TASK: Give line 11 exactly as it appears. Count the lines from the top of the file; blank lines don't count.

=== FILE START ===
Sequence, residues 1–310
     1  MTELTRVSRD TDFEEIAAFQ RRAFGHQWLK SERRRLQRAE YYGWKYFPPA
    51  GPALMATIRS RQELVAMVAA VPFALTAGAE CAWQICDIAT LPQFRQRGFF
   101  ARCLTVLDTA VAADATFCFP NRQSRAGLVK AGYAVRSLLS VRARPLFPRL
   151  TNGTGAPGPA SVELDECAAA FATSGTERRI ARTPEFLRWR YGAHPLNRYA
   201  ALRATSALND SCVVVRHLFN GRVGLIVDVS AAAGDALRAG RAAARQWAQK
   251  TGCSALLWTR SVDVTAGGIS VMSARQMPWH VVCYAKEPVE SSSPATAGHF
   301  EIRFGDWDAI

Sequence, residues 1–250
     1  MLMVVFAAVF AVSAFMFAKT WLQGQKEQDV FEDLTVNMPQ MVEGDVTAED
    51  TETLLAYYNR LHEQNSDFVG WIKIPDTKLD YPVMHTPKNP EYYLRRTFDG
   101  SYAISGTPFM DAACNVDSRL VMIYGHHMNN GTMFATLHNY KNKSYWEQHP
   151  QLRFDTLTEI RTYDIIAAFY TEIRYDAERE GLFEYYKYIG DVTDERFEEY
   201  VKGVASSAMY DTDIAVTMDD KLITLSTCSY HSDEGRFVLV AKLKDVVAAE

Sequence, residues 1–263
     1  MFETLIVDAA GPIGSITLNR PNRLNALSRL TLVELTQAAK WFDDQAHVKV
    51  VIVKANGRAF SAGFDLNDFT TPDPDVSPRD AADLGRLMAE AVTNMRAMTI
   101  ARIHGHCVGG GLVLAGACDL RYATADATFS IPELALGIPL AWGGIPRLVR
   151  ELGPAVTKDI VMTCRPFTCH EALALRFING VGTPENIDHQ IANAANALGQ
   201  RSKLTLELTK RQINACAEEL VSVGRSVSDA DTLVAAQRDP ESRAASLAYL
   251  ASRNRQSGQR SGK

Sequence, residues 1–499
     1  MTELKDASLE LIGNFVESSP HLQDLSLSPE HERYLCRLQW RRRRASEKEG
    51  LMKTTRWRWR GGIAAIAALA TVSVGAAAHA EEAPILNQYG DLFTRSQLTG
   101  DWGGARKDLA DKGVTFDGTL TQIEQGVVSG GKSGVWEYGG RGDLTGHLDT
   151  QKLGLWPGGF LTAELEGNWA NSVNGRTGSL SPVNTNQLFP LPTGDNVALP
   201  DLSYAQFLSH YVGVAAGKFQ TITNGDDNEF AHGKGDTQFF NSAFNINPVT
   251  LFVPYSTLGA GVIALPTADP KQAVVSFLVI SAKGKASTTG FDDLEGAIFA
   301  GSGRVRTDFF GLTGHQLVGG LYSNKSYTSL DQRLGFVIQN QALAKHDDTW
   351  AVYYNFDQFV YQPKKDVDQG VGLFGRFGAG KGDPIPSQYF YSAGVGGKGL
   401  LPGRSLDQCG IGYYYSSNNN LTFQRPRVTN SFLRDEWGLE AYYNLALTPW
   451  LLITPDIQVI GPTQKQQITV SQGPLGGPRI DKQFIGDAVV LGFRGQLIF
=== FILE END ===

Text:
    51  TETLLAYYNR LHEQNSDFVG WIKIPDTKLD YPVMHTPKNP EYYLRRTFDG